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Unfortunately, my thoughts were not eased with the later release of acoustic ‘Glasgow’. I have to say, I was quite dissapointed. This may just be because I need time to listen to it more for me to fully appreciate it, but  I feel like the lads were attempting to create a similar feel to ‘Hourglass’ on their debut but didn’t quite reach it.

There are hints of Van’s raw lyrics but they just seem to fall short. The fact that it’s repetitive also doesn’t play to their advantage in my opinion and this is evident in the majority of the songs on the album. They literally repeat the same lyrics and some even repeat the same verses with only slight changes on a few words. I mean, some people may like this and each to their own but one of the whole reasons I fell in love with Catfish in the first place was because of the lyrics. I loved the way Van was so honest and raw about his emotions, from “I’m craving your calls like a soldiers wife” (Hourglass) to even the outrageously bizzare lyrics of “You see I, I was a test-tube baby, That’s why nobody gets me” ( Fallout). Both of which echo personal thoughts and in my opinion, reflect far more emotion than what I can hear in ‘The Ride’.

There could be many explanations for this. Whether it’s because Van presumes in order to be as big as they possibly can they have to adapt their sound to a more ‘radioey’ or even more simply because their natural growth and tastes have changed, resulting in this new sound. Regardless, I prefer their older sound. I know, I know,  I can practically hear people screaming “bands have to adapt and develop their sound, they can’t just continue with the same” etc. etc. etc. But I’m finding it particulary difficult because I’m struggling with adapting to a sound that is so different to what drew me in and facinated me in the first place. ‘The Balcony’ is far more raw and heavy.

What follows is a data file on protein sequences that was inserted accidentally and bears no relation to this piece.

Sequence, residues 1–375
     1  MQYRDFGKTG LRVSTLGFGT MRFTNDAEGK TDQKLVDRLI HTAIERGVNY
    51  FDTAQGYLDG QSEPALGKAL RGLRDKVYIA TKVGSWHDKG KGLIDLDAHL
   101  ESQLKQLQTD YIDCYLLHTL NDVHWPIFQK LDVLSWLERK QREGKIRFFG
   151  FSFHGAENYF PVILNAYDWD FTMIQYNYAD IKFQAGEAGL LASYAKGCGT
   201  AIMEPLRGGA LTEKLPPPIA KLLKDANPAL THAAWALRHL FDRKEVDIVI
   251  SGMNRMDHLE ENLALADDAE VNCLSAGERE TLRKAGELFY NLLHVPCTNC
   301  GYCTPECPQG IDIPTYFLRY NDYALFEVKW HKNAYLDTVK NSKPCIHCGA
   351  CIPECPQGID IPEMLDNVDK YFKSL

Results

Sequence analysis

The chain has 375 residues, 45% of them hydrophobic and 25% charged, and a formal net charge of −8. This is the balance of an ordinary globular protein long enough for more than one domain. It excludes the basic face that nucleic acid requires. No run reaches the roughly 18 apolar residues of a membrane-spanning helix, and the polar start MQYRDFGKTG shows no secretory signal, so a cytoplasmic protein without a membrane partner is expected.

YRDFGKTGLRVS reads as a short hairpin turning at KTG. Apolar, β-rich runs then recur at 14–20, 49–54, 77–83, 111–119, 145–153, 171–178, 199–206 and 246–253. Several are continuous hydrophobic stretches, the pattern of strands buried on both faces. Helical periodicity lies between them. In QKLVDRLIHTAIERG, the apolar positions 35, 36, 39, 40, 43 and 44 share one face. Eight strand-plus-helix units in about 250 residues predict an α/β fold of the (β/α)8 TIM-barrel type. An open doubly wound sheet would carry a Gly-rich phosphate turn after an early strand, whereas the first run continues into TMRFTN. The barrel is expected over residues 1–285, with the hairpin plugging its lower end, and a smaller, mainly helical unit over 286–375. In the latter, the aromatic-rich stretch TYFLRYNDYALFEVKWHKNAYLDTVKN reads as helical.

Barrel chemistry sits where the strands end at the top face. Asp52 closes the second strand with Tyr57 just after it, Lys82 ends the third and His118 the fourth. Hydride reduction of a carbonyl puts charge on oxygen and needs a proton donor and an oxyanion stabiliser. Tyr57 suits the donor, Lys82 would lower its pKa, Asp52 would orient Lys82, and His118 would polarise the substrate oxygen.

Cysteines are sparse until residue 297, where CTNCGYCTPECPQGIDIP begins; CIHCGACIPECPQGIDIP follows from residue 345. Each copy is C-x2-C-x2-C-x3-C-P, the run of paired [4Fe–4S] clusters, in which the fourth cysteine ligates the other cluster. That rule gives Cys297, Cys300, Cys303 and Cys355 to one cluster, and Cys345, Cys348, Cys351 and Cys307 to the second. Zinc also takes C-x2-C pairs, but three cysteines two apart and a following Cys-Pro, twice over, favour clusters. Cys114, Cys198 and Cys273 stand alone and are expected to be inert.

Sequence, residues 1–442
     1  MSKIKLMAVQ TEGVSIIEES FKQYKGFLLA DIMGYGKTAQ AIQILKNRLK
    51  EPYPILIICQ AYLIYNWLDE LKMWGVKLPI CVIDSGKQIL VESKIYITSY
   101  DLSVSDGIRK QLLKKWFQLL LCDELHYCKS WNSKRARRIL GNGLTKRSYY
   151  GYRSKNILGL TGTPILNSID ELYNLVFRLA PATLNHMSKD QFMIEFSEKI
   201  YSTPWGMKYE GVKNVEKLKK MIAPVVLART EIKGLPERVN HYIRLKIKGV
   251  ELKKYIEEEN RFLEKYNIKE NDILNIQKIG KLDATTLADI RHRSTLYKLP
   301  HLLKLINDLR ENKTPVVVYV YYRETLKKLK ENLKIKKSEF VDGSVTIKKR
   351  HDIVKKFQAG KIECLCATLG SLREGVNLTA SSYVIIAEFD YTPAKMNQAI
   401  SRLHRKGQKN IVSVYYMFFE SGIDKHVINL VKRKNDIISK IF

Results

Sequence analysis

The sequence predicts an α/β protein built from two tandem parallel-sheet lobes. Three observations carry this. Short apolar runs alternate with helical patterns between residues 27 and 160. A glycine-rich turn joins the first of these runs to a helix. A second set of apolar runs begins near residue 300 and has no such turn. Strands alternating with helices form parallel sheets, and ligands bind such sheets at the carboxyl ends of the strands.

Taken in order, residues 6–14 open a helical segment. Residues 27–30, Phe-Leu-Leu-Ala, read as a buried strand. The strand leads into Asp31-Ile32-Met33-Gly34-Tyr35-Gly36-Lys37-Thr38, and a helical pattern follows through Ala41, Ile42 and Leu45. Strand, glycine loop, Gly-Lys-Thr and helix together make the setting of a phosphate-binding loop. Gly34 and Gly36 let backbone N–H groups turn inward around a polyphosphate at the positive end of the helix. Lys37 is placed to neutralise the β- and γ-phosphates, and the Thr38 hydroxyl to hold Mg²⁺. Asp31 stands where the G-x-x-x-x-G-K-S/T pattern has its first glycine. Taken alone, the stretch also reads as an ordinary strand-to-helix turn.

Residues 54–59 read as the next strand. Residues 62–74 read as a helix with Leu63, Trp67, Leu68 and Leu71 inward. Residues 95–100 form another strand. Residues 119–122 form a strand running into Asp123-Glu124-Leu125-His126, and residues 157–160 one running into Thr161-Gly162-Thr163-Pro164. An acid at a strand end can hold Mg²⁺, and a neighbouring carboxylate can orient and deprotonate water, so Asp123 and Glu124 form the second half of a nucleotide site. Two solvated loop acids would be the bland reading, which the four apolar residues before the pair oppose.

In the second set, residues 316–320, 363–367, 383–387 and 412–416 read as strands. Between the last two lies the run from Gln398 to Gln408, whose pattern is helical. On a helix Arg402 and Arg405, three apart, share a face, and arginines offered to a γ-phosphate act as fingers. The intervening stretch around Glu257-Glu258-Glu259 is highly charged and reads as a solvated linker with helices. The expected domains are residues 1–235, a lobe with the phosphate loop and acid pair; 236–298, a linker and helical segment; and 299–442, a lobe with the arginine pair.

On a lighter and more positive note, there are elements in ‘The Ride’that deserve wholehearted credit as, in itself it’s a good album. Steering away from the comparisons, the lads have produced yet again a loud, accomplished and extremely powerful record. So far my favourites have to be ‘7’, ‘Anything’, ‘Postpone’ and ‘Heathrow’. As you can see, I haven’t quite made up my mind and it is genuinely hard to narrow it down to just one! ‘Heathrow’ is slow and touching with reflections of raw emotion  which are evident in Hourglass (oops there I go again).

The opening of ‘Anything’ is amazing. From the muffled sound of slow strumming at the very start to Van’s powerful vocals throughout the verses, this is a tune. Jokingly, I claim ( and to some extent still believe haha) that the chorus sounds a bit like the opening of the children’s programme ‘Drake and Josh’. But the fact that this develops into an incredibly emotional, hardhitting sequence of lyrics of “Anything you need, anytime at all, I want you to phone me… cause everything you’re feeling, every night alone is because you need me”. I mean wow. The way Van’s voice sounds strained and the production has allowed you to hear his raspiness, accompanied by an almost broken sound of a guitar. THIS IS WHAT I’VE BEEN LOOKING FOR. Genuinely makes my heart sink when I hear it.